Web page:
FAQs on Relation Between Velocity and Wavelength
1. Discuss the Relationship Between Wavelength, Frequency and Velocity.
According to physics theory, wavelength and frequency are inversely proportional to each other, yet velocity and wavelength are both directly proportional. Let us look at a few examples to better understand how this relationship works:
Because the wavelength is directly proportional to velocity, when the wavelength of the wave rises while the frequency remains constant, the wave's velocity also increases.
When a wave's frequency rises while its wavelength remains constant, the wave's velocity rises.
Because they are inversely proportional, the wavelength of the wave falls as the frequency of the wave increases.
2. State the Difference Between Speed and Velocity.
The difference between speed and velocity is as follows:-
Speed is considered as the time rate at which a particular is moving along in a specific path. In contrast, velocity is the measure of the rate and direction of a particular moving object.
The mathematical calculation of speed is very simple. The average speed of a particular object gets calculated by dividing the distance travelled by the object by the time it took to reach the endpoint. Whereas velocity is complicated and difficult to calculate because it has different methods of calculation, it gets calculated with the knowledge we have. Average velocity is calculated by dividing change in position by change in time.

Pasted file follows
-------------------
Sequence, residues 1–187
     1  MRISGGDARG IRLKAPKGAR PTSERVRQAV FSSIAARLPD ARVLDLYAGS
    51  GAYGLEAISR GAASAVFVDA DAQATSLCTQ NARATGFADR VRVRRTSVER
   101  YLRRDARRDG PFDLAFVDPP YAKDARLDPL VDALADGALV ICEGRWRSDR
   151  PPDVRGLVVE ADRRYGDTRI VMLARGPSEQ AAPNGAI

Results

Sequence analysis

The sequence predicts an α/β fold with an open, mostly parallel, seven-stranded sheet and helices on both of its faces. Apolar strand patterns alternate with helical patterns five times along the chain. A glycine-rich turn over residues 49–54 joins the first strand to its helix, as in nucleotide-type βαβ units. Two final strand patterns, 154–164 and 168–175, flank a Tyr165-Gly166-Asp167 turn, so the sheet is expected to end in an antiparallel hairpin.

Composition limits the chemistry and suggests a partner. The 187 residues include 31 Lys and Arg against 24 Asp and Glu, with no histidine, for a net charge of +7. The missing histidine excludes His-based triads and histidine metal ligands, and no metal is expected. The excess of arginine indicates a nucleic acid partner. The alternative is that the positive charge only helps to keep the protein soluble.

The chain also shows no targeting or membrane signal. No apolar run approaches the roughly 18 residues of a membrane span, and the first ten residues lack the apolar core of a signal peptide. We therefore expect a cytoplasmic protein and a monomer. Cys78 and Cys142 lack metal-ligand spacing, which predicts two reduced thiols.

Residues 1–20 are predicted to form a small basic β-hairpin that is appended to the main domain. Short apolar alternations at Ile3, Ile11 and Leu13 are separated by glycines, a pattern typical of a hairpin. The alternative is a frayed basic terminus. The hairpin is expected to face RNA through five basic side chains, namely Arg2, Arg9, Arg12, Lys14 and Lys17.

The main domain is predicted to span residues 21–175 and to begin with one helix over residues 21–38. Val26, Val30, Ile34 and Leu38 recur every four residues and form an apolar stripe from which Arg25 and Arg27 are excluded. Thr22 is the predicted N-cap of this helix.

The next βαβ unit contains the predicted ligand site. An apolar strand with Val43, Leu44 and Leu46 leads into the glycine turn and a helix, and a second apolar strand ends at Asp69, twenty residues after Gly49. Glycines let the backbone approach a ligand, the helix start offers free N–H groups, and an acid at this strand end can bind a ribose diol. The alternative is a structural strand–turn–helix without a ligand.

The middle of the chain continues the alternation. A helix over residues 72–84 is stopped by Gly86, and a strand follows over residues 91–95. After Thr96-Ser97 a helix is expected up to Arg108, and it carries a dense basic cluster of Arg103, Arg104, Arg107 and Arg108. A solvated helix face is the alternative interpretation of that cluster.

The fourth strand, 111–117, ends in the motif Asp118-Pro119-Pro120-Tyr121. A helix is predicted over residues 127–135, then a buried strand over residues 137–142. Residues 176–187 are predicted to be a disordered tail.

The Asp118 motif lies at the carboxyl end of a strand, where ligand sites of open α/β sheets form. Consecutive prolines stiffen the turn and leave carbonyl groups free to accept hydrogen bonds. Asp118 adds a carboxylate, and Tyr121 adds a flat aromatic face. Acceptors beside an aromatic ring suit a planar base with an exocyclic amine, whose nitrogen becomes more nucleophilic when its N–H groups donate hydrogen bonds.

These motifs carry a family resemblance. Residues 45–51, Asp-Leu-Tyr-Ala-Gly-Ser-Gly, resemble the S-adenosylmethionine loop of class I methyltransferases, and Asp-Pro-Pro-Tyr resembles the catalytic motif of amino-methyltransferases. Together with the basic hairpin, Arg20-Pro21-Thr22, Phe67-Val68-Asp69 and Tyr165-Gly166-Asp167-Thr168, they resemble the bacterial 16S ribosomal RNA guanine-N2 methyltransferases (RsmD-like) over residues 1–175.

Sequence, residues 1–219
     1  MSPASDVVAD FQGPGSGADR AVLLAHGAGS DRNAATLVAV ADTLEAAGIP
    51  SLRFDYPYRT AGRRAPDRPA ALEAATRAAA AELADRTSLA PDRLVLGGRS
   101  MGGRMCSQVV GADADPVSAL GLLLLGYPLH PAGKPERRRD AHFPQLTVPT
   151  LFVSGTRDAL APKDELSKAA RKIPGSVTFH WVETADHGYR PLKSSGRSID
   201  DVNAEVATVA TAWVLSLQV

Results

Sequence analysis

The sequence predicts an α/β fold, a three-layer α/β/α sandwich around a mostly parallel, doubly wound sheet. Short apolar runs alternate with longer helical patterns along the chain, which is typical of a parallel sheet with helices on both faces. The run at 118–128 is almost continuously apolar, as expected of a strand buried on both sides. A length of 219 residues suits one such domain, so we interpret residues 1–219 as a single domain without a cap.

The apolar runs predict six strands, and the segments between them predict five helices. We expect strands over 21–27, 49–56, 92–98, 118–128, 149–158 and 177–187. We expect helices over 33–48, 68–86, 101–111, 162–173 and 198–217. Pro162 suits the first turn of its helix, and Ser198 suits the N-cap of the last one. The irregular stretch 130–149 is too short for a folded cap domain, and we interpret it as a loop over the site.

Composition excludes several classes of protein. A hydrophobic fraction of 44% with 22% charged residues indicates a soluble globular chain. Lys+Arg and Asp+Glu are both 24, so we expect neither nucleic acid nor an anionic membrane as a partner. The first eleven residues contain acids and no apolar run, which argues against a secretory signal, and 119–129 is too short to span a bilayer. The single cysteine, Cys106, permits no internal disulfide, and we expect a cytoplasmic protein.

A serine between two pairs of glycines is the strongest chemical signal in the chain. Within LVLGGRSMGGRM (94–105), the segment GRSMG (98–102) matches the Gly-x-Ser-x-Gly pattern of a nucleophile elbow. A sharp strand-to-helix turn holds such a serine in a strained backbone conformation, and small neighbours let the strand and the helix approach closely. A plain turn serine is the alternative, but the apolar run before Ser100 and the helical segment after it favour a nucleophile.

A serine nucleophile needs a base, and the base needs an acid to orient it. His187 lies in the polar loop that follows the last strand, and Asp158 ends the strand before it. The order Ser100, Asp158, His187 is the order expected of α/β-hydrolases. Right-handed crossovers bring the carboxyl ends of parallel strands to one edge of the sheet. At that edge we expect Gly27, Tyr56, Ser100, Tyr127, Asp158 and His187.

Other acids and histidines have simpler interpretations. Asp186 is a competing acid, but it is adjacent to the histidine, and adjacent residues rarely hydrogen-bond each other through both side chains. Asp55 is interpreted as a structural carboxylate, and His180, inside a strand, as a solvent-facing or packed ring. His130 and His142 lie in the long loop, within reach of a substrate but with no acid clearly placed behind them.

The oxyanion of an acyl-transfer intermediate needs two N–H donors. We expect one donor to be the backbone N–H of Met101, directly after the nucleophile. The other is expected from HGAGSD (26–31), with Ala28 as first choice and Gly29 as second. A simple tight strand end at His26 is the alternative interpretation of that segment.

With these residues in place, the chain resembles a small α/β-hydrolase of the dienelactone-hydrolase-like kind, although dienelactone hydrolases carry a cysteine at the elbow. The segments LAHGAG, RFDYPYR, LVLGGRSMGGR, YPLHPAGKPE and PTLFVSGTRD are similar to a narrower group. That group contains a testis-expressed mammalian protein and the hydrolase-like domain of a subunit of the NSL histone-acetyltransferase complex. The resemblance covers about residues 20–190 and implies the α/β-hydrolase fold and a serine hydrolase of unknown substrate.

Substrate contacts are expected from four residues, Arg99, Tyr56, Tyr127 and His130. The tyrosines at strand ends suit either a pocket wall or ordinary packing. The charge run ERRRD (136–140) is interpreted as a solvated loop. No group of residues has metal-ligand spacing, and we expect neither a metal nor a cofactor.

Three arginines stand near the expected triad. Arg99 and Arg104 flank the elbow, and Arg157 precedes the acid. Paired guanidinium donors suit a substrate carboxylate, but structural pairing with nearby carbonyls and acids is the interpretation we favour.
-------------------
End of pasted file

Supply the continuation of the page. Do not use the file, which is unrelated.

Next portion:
3. Explain the difference between velocity and speed.
The following is the distinction between velocity and speed:
The rate at which anything moves along a specified path is referred to as speed. Velocity, on the other hand, is a measurement of a moving object's speed and direction.
Speed is calculated mathematically in a simple manner. The average speed of an object is determined by dividing the distance traveled by the time it took to reach the destination. While velocity is complex and difficult to compute due to the various methods used, it is determined using the information we have. By dividing the change in position by the change in time, the average velocity is computed.